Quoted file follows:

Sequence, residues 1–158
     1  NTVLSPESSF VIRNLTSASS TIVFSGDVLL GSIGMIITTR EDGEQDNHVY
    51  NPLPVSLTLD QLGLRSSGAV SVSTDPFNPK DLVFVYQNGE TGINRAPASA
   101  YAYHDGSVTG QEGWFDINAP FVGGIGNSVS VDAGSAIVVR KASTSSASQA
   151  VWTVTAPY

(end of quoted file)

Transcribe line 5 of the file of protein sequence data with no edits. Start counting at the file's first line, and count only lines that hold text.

   151  VWTVTAPY